False mantle of radicalism

13 April 2015

Prof Nicoli Nattrass
Centre for Social Science Research

"UCT exists because Rhodes supported elite education. We embody this legacy even as we reject his racism and sexism.

"Staff and students aspire to UCT precisely because of its international reputation. The admission system advantages black students, but they still have to be good enough to get in. Selection committees favour black South Africans, but competition is strong because UCT attracts applicants from all over the world. My colleague Xolela Mangcu argues compellingly that UCT could do more to attract black South Africans currently working at elite overseas universities like Harvard. His is a simultaneously transformative and elitist project. Rhodes would approve (once he got over the presence of black and female academics).

"We are all part, to varying degrees, of the internationally circulating elite Rhodes envisaged. When I was a student in the 1980s I threw red paint on his statue (the precise motivation escapes me – I think Marxism and alcohol were involved). But I accepted the Rhodes scholarship, an opportunity that helped land me a job at UCT.

"Sizwe Mpofu–Walsh, one of the past SRC presidents supporting the 'Rhodes Must Fall' campaign, is currently a student at Oxford. His tweets for the campaign are interspersed with Oxford happenings, like meeting Lord Patten for a 'wide?ranging chat'. He too is part of the elite educational project associated with Rhodes. Hopefully he will also aspire to a job at UCT.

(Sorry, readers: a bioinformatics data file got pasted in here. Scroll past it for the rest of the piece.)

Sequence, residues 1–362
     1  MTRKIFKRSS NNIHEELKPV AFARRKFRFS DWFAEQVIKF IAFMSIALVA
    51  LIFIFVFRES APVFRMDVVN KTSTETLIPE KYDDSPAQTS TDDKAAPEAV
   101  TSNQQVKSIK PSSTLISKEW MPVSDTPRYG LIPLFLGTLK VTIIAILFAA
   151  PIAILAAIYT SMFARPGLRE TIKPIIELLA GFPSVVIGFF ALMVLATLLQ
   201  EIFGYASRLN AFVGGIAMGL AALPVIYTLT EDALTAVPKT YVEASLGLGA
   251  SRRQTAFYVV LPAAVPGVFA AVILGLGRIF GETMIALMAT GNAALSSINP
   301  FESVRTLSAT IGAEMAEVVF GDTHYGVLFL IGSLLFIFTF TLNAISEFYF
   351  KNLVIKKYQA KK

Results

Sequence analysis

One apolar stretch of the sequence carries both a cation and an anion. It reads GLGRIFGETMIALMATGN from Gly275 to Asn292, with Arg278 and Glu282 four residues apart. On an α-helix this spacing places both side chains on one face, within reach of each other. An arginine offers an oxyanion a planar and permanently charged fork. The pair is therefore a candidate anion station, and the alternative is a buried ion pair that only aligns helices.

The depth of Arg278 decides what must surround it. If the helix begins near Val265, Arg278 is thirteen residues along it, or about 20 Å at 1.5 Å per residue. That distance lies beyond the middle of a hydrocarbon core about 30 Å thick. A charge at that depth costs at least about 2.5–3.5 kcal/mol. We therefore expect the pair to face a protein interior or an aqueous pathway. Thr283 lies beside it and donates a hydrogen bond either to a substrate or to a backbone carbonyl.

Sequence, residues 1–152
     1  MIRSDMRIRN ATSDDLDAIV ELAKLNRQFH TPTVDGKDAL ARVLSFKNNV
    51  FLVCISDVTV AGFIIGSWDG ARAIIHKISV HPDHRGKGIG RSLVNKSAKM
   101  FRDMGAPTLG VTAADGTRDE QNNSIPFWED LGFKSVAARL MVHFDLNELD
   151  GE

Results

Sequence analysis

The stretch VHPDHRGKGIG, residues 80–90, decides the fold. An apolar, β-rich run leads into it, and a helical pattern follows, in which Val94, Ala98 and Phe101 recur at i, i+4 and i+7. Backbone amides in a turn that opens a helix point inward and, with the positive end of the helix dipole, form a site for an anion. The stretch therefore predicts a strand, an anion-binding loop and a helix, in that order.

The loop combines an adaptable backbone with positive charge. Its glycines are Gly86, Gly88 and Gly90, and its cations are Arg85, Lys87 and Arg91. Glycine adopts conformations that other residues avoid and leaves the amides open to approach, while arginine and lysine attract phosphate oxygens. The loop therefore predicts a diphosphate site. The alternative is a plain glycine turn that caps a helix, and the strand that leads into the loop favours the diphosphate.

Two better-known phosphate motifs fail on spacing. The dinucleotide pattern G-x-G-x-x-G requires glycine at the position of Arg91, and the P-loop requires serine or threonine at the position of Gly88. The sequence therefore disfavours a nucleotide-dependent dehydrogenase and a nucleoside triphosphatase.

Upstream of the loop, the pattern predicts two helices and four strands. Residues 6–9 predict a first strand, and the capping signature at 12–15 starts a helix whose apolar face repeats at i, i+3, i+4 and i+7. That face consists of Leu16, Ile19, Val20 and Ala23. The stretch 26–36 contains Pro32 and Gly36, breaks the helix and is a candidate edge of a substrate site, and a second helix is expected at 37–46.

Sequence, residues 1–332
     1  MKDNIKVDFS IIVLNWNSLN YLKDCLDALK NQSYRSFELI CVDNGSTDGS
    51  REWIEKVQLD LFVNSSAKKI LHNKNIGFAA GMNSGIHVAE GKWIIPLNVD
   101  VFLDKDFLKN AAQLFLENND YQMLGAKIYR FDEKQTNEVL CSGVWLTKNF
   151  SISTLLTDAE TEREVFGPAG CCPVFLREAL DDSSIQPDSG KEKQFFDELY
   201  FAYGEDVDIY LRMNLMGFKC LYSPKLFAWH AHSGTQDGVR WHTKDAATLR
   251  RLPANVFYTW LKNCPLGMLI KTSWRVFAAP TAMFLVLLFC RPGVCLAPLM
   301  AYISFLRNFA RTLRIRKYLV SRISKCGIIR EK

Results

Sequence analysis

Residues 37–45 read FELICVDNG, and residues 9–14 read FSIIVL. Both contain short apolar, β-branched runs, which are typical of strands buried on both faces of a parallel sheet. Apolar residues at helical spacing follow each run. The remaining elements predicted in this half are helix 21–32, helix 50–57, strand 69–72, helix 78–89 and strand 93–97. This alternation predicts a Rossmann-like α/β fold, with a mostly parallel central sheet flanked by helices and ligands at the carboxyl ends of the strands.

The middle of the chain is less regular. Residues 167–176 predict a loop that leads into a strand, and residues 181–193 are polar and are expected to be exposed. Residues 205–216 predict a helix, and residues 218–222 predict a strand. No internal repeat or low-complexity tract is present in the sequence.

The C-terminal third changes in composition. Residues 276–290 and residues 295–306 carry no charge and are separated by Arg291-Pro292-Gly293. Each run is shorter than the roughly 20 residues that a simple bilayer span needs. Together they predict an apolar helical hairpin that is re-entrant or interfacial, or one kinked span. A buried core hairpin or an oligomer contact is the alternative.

"Removing the statue will provide the illusion that we have rid ourselves of Rhodes' legacy. It would cloak UCT in a false mantle of radicalism, hiding the embarrassing truth that we are an elite institution that reinforces social inequality on a daily basis. The statue should be moved – but let's keep it somewhere on campus to remind us that we are the living legacy of Rhodes' elitism, and have a corresponding debt to society."

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Monday Monthly

Volume 34 Edition 03

13 Apr 2015

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